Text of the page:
Even watching on TV one could feel the incredible vibe in the air. The players were completely into this experience. First the tough Matt Holliday hit a fairly weak line drive to center, and Torres was so intent on catching it that he almost overran it. The look in his eyes was one of unreal focus. Allen Craig then came up and hit a similar liner to left, which Kirk caught with the same assuredness and anticipation. Then it was David Freese.
Freese worked the count full, and who was on deck? Molina! Could this really happen? Would Freese walk and give Molina a chance to hit another Met Nation-destroying 2-run homer? Or maybe a cheap bunt single to slay us all again? No. Tonight the baseball deities were on the right side. Freese struck out on a 3-2 pitch and it really was over.
Johan raised his arms in exultation, was embraced by Thole (who now owns the distinction of being the only Met catcher to be behind the plate for a no-hitter) and the whole team, received the obligatory pie-in-the-face from trickster Justin Turner, and the largest of monkeys was finally removed from the franchise’s back.
So much to take in; so much going on.
The very first return of Carlos Beltran to Queens, and as an opponent, and with Adam Wainwright starting.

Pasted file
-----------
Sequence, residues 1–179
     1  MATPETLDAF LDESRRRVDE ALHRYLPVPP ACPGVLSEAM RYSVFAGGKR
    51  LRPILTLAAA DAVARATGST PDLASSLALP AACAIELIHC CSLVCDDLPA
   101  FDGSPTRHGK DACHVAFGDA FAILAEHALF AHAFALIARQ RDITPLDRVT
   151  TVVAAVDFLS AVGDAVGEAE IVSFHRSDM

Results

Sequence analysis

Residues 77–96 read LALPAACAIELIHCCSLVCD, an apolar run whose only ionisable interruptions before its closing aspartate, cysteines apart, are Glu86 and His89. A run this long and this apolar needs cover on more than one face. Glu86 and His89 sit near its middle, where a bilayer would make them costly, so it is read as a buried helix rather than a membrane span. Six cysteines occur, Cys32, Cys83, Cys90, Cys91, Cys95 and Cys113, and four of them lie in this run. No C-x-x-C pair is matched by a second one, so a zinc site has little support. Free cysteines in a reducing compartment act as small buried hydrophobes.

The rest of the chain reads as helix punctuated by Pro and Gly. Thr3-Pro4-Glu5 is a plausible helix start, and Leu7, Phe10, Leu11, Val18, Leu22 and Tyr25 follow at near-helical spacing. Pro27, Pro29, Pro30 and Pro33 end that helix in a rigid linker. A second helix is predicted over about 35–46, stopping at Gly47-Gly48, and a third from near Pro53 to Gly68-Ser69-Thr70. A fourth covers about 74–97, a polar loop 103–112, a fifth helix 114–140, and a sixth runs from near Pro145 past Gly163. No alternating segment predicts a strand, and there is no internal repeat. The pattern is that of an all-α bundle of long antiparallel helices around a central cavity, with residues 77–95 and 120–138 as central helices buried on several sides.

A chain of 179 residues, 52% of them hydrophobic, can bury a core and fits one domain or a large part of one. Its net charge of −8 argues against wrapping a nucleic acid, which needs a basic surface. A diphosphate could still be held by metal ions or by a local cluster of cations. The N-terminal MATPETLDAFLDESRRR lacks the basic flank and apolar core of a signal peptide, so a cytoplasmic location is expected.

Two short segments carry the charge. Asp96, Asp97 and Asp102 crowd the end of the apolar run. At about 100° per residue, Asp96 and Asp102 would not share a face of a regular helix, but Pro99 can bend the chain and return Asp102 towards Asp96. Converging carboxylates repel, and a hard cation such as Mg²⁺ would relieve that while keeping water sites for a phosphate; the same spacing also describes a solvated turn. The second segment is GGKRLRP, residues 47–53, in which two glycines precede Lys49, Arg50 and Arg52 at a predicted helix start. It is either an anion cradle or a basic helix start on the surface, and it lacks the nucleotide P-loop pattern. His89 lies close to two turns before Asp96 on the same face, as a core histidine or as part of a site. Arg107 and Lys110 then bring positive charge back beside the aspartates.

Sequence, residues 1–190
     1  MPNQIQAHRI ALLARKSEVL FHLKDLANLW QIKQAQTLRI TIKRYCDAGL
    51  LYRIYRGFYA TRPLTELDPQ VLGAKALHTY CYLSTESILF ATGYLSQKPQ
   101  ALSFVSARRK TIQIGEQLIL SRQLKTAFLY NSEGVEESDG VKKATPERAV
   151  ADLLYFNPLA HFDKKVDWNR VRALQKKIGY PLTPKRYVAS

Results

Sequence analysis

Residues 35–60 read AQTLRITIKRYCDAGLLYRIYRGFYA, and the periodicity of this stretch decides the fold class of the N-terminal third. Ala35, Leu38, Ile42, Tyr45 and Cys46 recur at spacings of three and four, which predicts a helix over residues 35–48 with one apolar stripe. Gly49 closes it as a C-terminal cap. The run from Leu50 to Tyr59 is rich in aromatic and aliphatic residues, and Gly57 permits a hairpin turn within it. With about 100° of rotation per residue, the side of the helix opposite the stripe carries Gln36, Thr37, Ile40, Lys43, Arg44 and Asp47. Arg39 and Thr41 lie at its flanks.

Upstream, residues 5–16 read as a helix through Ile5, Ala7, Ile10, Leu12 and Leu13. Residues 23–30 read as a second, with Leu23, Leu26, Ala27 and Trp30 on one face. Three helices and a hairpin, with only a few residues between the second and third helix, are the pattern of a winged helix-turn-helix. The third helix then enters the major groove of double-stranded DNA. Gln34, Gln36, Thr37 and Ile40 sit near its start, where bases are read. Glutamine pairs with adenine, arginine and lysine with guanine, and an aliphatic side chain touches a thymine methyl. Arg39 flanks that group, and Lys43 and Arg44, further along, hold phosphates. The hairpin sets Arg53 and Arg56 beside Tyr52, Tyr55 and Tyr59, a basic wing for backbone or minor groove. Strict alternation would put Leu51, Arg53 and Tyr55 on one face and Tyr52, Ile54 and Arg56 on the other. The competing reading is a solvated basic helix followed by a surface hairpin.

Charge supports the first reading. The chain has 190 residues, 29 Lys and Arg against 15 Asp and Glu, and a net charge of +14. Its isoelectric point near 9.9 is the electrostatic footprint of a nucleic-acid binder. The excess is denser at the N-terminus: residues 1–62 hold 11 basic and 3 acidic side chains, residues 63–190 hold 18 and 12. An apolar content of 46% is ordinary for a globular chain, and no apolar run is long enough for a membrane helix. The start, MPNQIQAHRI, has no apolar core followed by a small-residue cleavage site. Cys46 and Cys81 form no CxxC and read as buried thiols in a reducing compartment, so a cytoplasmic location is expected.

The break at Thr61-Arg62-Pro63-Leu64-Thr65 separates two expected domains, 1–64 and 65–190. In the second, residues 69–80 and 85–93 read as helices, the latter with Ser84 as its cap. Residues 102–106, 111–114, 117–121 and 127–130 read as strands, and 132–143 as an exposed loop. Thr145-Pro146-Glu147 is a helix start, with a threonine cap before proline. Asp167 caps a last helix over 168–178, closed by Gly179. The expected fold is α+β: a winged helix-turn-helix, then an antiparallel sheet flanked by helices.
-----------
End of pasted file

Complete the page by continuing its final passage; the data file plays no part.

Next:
Beltran almost getting the hit to break it up.
Yadier Molina hitting the shot sure to end it, and Baxter making the play in left field, with memories of Endy Chavez looming above.
And Adam Wainwright getting shelled in Queens.
Was something bigger than even the first Met no-hitter in history happening here?
Was it really that hard to imagine an ethereal community watching this game somewhere? Seaver and Ryan and Doc (drinking juice only) rooting for the long-awaited no-hitter to finally happen? Omar and Willie and Heilman and Endy watching and cheering and thinking that this occurrence might, in some small way, be a palliative for the horrors of 2006’s game 7 and that team’s ultimate failure?
Was last night the the history-making no-hitter and redemption for 2006 all in one? Is this team ready to move on from what might be termed its “Omar Syndrome?”
Last night’s game was an Oscar-winning movie; an event to be remembered and replayed again and again. The kind of night which illustrates the continuing beauty of sports. Watch and follow a team regularly, and you will on occasion experience moments truly unique in life.
As all Met fans were treated to last night.
This season has been—all things considered—fairly remarkable thus far. Two games shy of the one-third mark, and the team is a game out of first with the fourth best record in the league. Each time they seem primed for the fall to reality, they come right back to reach a new high point, as they did again last night.
After the great weekend against the Padres, they lost two of three to the Phils, and started a 22-game stretch which could be viewed as this team’s Waterloo.
And in game one against a team bringing a truckload of memories with them, they again reached a new 2012 high and achieved the team’s very first no-hitter, while in the process confronting and defeating several of the key characters of the 2006 failure.
One could be forgiven for starting to believe that something magical might indeed be brewing in Queens with this team.